Five simple rules for making awesome bar charts.


Scientifically Proven Ways to Persuade & Influence Others

The book on Amazon.com A good book I often recommend is: Yes!: 50 Scientifically Proven Ways to Be Persuasive by Dr. Robert B. Cialdini et al. I first read the book when it came out in 2008. The book is designed for professionals who are interested in becoming better at understanding how to persuade or influence others. The book may also help you understand why you decide to do the things you do. Even if you are a researcher or teacher or a medical doctor, and so on, and not a business person, it's still important to understand how people are (or can be) influenced and persuaded by your words and behaviors. Each chapter focuses on a single question and is no more than 3-5 pages long. If you want to go deeper you can checkout the sources for each chapter in the Notes section.

"Yes!" is not a textbook, and it may not go deep enough for some, but for extremely busy professionals, this is a useful book with many clear, quick lessons that will get you thinking.

Yes_chapter35
Above: The book on my desk. Each chapter focuses on a question such as what common mistake causes messages to self-destruct, how sticky notes can make your messages stick, etc. Checkout the table of contents here to see all 50 chapters at a glance.

Influence-bookIf you want a little more depth, I suggest Cialdini's other huge bestsellers Influence: The Psychology of Persuasion and Influence: Science and Practice. These books have sold in the millions by now. Some people may be skeptical about the ethics of trying to persuade and influence others, but remember, it's not just about marketers trying to influence someone to buy something they do not need with money they do not have. Persuasion can be used for good just as it can be used for ignoble reasons. For example, a medical doctor often needs to be effective at persuading patients to comply with her recommendations. Facts, data, and argument are usually not enough to influence a change in behavior.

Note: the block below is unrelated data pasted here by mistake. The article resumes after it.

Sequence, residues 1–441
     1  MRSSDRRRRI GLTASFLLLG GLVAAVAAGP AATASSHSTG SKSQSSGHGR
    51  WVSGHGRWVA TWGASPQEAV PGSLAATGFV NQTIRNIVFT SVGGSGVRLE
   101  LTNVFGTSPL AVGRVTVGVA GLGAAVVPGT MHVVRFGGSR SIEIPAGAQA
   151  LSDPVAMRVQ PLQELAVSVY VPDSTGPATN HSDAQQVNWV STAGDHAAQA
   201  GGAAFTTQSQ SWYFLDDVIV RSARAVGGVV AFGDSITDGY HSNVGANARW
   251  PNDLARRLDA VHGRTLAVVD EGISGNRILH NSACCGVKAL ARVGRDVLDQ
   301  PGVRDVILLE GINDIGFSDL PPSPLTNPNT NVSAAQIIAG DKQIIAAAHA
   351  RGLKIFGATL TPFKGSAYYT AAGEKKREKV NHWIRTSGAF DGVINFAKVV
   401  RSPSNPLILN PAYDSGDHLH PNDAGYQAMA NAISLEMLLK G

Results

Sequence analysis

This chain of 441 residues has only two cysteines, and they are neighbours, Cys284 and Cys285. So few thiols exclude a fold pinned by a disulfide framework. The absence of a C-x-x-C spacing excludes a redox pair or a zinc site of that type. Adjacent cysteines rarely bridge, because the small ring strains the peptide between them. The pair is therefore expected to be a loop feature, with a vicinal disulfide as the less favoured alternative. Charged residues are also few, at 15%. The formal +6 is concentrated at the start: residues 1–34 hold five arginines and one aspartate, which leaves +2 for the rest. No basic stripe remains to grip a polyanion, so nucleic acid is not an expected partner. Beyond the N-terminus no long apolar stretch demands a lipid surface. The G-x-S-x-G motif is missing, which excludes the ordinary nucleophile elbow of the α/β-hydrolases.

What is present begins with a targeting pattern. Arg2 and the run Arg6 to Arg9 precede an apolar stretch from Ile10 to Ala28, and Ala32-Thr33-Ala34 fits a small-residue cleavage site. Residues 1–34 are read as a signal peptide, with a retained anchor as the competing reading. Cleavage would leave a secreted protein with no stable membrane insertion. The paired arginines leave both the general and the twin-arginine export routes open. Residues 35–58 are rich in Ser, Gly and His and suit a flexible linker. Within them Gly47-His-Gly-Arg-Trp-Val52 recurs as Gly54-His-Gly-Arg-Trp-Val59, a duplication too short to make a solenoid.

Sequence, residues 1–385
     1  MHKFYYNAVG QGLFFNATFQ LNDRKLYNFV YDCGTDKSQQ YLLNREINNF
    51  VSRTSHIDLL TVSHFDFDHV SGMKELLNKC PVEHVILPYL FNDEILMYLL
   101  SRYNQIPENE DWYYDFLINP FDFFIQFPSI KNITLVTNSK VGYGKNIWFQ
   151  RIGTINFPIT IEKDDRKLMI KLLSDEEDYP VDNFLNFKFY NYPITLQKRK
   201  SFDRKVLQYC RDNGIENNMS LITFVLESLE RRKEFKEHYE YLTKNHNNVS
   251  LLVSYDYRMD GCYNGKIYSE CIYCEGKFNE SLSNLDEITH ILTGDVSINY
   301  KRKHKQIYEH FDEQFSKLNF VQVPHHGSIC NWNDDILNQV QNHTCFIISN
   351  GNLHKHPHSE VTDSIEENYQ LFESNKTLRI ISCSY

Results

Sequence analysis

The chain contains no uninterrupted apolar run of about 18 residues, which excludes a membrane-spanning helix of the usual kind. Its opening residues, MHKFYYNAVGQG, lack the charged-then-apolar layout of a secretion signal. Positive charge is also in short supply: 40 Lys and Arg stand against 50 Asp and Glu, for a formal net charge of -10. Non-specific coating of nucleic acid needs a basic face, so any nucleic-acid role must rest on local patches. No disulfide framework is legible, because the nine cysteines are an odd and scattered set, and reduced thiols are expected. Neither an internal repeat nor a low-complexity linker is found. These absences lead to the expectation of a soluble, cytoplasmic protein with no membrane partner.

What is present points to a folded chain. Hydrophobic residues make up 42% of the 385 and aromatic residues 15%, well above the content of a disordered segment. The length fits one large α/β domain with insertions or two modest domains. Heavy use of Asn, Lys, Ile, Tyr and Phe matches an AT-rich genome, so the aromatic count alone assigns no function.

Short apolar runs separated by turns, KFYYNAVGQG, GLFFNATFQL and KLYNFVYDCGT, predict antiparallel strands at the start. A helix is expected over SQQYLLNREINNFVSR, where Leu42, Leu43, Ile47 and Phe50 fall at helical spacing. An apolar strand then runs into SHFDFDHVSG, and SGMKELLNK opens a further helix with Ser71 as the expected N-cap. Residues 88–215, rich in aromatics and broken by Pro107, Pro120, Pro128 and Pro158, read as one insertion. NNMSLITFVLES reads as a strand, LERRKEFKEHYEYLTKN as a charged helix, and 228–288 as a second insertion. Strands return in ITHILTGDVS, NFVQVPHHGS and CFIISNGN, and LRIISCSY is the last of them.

If you do not have enough time to read the Influence books yet, the 12-minute video below will give you a good idea as to the key findings in Cialdini's research. The video presentation covers the six universal principles of persuasion which are scientifically proven, according to the author, to make you more effective at influence and persuasion. (Watch below or on YouTube.)



Principles of Persuasion at a glance
In an ideal world people would use reliable information and sound logic to guide their thinking and decision making, but the reality is people use shortcuts or "rules of thumb" to make decisions. The six shortcuts below, according to the author, are universal rules of thumbs that guide human behavior. The key is to understand these shortcuts and use them in an ethical manner to persuade others. There are many examples in the books, but in the video they can only give one or two. Here are the six principles in brief.

(1) Reciprocity. The obligation to give back when you have previously received. The key takeaway: Be the first to give and make it personal and unexpected.

(2) Scarcity. People want more of those things which are perceived to be rare or in short supply. It's not enough to tell people about the benefits they will gain, you must also tell them what they stand to lose or miss out on if they do not adopt your idea (or buy your product, or choose your school, etc.).

(3) Authority. People will follow the lead of credible, knowledgeable experts. In the presentation space, it's highly desirable to have someone give a short and concise introduction of yourself which highlights why you are an expert worth listening to.

(4) Consistency. Asking for small commitments that can easily be made. Then going back and asking for larger commitments later. Sometimes this is called "getting a lot by first asking for a little." People want to be consistent, according to the principle, so if they said yes to you previously they are more likely to do it again.

(5) Liking. People prefer to say yes to the people they like. There are three factors in determining whether we like someone (a presenter on stage, for example). We tend to like people (1) who are similar to us, (2) who pay us compliments, and (3) who cooperate with us. For presenters it's important to really know your audience so that you can touch immediately on something shared and personal with the audience.

(6) Consensus. People often look to the actions of others to determine their own. So rather than simply hitting people over the head with your logic and data trying to persuade them to accept your idea, you can also elaborate on all the other people who have already accepted your proposal.

www.influenceatwork.com